By the Rev. Gavin Dunbar
One of the most impressive aspects of the Anglican Church of North America has been its recognition that the “formularies” of the Episcopal Church in the late 20th century would not provide a sure foundation for the institutional realignment and spiritual revitalization of Anglicanism in North America. The last several months have seen the publication of alternatives to the liturgy and catechism printed in the 1979 Prayer Book – a book which for many former Episcopalians now in ACNA has been the only liturgy and catechism which they have known and used (at least for many years). The recognition that ACNA Anglicans require alternatives to 1979 is itself a very important development: it is the contemporary formularies that need revision, not the historic ones. And it is against the weakness of the formularies they replace, rather than against the strength of the historic formularies they respect, that they should be measured.
The catechism is a noble endeavor; and has attached to it the name of the eminent J. I. Packer; but it looks like the compilation of many different contributors, and lacks the theological incisiveness and rhetorical cohesiveness of his own writing. The results, as one might expect of so many authors, are uneven: and in places, such as the questions on the atonement, it is disappointingly vague. Credit is due for trying; but the writing of catechisms is harder than it looks. This is a good start, but needs further work. Clearly, an enormous amount of work has gone into a demanding project, and there is much here to commend. Yet overall, this has the feel of an initial draft – which I believe it is – rather than a finished work. ACNA Anglicans might do well to study the Heidelberg Catechism, much used by Anglicans in the 16th and 17th centuries. It is a model of concise elegance in its formulations, and displays a concreteness and clarity of true conviction.
With the revision of the liturgies of the Eucharist, however, there is much more to applaud – perhaps because Anglicans have had more experience in liturgy than in catechesis. Albeit rendered in contemporary language (whose limitations I will pass over) they represent a significant recovery of the classical texts, with some of the usual non-controversial trimmings (additional greetings, proper prefaces, Benedictus qui venit, Agnus dei). Even better, in some places – notably the Prayer for the Church and the Prayer of Consecration – they not only return to the historic tradition, but also make significant advances upon the form of those texts as received in the most recent American Prayer Book of 1928. Thankfully, the Prayer of Consecration abandons the Byzantinizing eccentricities of the Scottish church, imposed in 1789 as a condition of Seabury’s consecration as bishop: the Invocation of Word and Spirit is restored to its original and logical place, just before the institution narrative. The Prayer for the Church replaces the odd American commemoration of the departed with one more in line with historic formulations, and adds petitions for mission in appropriate places (a development anticipated in the 1962 Canadian Prayer book). If I have one complaint about the new Prayers for the Church and of Consecration, it is that it is not available in “traditional” English!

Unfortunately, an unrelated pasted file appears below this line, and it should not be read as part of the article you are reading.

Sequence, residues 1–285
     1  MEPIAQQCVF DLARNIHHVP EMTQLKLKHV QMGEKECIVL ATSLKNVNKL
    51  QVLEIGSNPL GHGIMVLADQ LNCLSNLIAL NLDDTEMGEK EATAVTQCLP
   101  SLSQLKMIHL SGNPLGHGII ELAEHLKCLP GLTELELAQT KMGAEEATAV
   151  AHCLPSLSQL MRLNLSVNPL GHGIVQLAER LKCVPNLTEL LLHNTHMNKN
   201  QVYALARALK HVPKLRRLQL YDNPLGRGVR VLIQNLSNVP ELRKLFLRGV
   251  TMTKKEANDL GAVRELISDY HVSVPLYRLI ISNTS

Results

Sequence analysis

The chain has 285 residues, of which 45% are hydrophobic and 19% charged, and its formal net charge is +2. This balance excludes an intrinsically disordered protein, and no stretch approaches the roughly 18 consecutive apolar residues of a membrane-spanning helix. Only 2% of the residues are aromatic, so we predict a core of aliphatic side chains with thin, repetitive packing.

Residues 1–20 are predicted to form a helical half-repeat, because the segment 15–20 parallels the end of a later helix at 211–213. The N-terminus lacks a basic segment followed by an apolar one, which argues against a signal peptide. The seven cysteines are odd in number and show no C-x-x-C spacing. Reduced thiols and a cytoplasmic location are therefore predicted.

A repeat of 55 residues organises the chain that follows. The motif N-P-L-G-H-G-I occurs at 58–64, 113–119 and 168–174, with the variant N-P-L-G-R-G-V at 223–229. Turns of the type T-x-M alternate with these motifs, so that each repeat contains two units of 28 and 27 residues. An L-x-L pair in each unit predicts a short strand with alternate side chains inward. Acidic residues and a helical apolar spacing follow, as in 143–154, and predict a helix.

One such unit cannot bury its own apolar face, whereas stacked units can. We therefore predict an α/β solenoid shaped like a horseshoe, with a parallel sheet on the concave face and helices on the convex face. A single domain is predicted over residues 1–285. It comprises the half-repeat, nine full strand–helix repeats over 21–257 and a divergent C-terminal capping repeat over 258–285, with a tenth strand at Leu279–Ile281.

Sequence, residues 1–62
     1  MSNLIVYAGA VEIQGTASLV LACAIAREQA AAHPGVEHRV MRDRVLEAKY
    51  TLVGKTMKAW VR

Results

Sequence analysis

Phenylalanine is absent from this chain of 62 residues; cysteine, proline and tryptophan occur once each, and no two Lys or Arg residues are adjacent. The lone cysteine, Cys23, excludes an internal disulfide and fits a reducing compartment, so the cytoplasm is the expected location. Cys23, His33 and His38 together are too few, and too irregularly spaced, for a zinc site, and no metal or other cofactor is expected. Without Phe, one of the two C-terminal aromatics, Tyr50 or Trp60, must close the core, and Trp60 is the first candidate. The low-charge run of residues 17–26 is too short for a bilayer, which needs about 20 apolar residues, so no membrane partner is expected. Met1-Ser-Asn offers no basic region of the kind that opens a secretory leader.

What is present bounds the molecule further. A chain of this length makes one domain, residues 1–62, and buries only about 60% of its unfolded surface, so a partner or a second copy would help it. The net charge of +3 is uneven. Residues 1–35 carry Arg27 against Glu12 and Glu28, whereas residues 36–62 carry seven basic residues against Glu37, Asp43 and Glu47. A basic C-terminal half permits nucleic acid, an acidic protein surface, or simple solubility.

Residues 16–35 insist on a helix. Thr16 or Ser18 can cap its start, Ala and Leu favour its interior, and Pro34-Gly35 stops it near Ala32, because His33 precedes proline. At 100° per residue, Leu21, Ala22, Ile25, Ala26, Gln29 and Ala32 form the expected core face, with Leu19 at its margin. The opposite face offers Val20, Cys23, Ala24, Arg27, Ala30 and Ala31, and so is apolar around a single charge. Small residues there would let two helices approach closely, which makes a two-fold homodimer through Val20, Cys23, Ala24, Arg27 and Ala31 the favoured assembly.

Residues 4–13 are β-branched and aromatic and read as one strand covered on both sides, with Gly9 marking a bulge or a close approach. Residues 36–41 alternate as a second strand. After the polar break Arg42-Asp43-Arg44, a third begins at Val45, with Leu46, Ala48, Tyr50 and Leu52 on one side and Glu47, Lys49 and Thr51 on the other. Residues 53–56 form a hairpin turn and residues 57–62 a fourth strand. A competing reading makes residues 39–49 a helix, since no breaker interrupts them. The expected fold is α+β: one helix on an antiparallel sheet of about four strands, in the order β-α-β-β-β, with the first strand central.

There remains, however, the problem of the Peace. For pastoral reasons, of course, some provision has to be made for the group dynamics associated with the “exchange of the sign of peace”, especially by charismatic Anglicans who constitute such an important element in ACNA. A merely theological declaration of the peace, such as Cranmer provided in the blessing, will not satisfy their hunger for immediate experience! But must it be placed in the most disruptive and least logical location of all, just after the Confession and Absolution? Reconciliation with neighbors is required of those who come to the sacrament, and it may take some time and effort – it is not something that can be effectually accomplished in a group hug shortly before the Sursum corda!
There are three reasonable alternatives: at the beginning of the service; orat the end of the service; or immediately after the Prayer for the church (with its petition for the peace and unity of the church), and just before the Invitation to confess and receive the Sacrament, made to those believers “in love and charity with their neighbors”.
Naturally, if the Peace is moved so should also the Offertory, and its historic place just before the Prayer for the Church makes a lot of sense, where the offering of intercessions may be united with the offering of alms and oblations, and the presentation of the elements. Perhaps the next revision the able revisers of the ACNA liturgy will make this momentous step, and provide an order of worship in which classical Anglicans old and new can find a measure of liturgical common ground.
Gavin Dunbar is President of the Prayer Book Society and Rector of St. John’s Episcopal Church, Savannah, Georgia. This piece was originally published in the quarterly Anglican Way magazine.